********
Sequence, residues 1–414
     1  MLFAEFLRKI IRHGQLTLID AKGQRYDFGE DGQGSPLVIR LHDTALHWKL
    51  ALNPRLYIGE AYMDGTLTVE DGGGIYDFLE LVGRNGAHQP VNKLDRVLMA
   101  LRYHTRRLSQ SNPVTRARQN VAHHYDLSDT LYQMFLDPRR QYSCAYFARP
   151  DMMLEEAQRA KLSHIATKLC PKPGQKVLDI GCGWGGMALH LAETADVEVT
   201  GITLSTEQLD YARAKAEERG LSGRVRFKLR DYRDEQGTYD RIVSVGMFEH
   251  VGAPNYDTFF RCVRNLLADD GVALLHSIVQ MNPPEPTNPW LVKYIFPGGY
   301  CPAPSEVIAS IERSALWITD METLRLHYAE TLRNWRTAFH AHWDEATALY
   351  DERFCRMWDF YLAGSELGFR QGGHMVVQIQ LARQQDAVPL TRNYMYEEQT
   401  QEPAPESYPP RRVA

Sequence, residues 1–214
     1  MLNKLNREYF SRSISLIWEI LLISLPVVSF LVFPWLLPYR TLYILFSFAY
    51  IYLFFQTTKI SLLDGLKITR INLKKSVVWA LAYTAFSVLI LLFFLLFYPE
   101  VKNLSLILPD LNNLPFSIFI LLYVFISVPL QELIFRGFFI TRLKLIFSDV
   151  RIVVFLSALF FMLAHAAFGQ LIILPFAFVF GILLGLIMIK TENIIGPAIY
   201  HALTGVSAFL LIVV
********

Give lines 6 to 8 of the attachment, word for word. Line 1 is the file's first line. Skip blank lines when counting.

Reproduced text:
   201  GITLSTEQLD YARAKAEERG LSGRVRFKLR DYRDEQGTYD RIVSVGMFEH
   251  VGAPNYDTFF RCVRNLLADD GVALLHSIVQ MNPPEPTNPW LVKYIFPGGY
   301  CPAPSEVIAS IERSALWITD METLRLHYAE TLRNWRTAFH AHWDEATALY